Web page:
The president of Oberlin College—a famously leftwing school that recently made headlines for student protests against “cultural appropriation” of ethnic food in dining halls—has issued one of the most forceful rebukes of campus activist intimidation of any academic authority figure to date. Whereas many college presidents have made their best efforts to appease social justice protesters (mostly by promising to spend more money on the protesters’ preferred campus programs), President Marvin Krislov of Oberlin responded to a list of demands—which included firing specific faculty members, granting tenure to others, creating segregated “safe spaces” for black students, and paying student activists for their efforts—by firmly declining to negotiate:
Some of the challenges outlined in the document resonate with me and many members of our community, including our trustees. However, some of the solutions it proposes are deeply troubling. I will not respond directly to any document that explicitly rejects the notion of collaborative engagement. Many of its demands contravene principles of shared governance. And it contains personal attacks on a number of faculty and staff members who are dedicated and valued members of this community.
The students concluded their list of demands by saying, “these demands are not suggestions” and threatened “immediate action” if they were not heeded. So who knows what, if anything, they will have in store for the Oberlin administration in the coming semester. But it’s also clear that campus activists regard capitulation as a sign of weakness, not solidarity—just ask President Christina Paxson of Brown. So whatever response the activists are planning would probably have been just as bad, if not worse, had Krislov tried to placate them by promising a new campus diversity center or convened a committee to make courses less, as the activists put it, “westernized.”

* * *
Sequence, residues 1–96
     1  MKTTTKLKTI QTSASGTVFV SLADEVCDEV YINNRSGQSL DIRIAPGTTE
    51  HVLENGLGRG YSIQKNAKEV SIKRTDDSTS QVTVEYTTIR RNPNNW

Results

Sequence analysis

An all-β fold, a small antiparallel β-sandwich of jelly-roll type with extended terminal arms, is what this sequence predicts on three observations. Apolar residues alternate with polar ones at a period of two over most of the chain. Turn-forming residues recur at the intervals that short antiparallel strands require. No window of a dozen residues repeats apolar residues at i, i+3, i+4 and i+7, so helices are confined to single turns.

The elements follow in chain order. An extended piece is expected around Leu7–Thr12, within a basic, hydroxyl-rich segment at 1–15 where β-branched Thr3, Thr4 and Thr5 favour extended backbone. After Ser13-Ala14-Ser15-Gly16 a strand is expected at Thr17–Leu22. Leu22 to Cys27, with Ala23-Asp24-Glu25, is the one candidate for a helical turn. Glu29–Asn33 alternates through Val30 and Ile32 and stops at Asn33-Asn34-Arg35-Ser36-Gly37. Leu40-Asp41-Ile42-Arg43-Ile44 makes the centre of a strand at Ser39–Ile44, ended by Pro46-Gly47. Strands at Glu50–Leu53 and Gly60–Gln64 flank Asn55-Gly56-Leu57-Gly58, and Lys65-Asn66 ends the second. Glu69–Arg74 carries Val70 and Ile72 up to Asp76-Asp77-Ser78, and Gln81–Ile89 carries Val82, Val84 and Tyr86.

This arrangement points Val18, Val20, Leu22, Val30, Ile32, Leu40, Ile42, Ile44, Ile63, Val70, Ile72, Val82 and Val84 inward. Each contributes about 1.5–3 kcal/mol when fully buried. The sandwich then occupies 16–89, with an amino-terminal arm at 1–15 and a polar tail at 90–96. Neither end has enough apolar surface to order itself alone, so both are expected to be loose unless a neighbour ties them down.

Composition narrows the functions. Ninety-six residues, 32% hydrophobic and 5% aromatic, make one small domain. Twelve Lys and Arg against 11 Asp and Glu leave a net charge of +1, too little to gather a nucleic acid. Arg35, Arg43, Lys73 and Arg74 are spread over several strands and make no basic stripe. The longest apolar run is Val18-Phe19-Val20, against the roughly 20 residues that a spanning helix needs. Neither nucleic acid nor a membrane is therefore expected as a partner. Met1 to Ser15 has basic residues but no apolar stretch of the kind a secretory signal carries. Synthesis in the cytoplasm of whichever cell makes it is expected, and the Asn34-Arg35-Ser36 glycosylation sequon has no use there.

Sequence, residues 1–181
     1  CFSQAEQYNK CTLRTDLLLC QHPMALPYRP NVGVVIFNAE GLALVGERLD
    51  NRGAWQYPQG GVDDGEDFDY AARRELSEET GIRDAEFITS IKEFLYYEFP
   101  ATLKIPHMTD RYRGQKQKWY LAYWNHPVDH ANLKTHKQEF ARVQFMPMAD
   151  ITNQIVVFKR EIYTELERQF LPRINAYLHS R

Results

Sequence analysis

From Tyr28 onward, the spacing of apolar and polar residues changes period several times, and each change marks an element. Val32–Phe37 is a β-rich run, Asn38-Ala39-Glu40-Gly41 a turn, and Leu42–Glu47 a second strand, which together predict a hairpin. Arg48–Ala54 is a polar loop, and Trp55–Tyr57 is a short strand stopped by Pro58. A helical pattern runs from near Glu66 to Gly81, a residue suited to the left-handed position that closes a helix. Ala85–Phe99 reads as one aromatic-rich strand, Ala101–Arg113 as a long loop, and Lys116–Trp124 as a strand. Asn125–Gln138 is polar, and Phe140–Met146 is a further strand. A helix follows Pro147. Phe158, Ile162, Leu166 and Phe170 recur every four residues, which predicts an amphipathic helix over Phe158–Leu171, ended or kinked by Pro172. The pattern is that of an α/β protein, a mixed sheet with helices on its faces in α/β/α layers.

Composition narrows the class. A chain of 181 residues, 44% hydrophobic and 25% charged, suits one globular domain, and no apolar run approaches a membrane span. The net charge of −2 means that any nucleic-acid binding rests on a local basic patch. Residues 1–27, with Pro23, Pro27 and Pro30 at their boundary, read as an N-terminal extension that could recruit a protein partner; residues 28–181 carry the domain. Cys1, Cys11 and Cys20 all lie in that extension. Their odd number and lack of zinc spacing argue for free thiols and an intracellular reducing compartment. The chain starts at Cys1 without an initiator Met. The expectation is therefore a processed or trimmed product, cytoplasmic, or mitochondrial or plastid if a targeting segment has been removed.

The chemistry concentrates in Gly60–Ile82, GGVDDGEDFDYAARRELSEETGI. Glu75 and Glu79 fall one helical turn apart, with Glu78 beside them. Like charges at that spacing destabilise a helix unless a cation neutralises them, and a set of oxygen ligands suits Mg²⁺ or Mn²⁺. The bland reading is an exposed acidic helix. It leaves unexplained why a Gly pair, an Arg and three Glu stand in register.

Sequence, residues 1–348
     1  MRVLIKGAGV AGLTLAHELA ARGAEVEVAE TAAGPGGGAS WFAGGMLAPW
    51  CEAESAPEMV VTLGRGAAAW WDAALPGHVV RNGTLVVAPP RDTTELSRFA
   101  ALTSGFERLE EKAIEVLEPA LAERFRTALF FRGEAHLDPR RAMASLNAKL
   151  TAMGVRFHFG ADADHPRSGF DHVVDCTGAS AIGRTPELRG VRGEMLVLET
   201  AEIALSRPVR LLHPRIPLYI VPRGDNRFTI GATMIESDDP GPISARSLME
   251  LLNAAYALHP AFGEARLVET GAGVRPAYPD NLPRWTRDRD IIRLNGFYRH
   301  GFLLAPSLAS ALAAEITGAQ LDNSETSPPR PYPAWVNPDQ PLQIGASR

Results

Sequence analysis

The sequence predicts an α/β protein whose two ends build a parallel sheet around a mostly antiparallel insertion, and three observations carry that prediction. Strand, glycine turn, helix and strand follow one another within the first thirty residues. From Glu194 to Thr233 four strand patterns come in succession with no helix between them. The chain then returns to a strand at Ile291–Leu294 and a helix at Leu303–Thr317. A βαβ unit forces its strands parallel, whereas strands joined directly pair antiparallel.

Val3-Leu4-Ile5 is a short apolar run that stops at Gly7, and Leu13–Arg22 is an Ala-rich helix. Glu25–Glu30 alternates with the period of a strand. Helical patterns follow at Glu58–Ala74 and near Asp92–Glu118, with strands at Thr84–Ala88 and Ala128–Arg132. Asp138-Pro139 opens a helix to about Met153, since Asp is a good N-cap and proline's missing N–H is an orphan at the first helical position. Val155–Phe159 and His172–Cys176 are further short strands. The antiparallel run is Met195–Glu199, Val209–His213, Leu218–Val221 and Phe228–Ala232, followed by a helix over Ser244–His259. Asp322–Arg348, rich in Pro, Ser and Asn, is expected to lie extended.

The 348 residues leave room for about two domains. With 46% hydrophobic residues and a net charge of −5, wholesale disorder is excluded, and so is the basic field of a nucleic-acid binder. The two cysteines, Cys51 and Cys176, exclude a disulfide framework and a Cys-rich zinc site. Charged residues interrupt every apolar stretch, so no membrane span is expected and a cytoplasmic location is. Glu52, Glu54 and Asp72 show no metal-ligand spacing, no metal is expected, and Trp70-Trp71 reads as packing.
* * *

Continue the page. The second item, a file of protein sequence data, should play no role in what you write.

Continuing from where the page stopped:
At the same time, for critics of modern university political culture, it’s hard not to feel at least a modicum of appreciation for the activists’ willingness to attack certain academic orthodoxies. As Ross Douthat (no supporter of campus Jacobinism) has written, academic administrations have “long relied on rote appeals to the activists’ own left-wing pieties to cloak its utter lack of higher purpose.” The Oberlin activists seemed to sense this: In their list of demands, they criticize the College for using “the limited number of Black and Brown students to color its brochures” and suggest that its ideals of “equity, inclusion, and diversity,” as recited by campus administrators, are meaningless. On that front, they are not entirely wrong: The academy’s worship of diversity is in many ways a hollow exercise, a type of collective virtue signaling motivated more by a desire to boost rankings and market itself than by any comprehensive idea of justice.
Repudiating campus protesters, in other words, isn’t enough to fix the modern university. But to the extent that it shows that the people running the academy still have some moral spine, it’s a good start.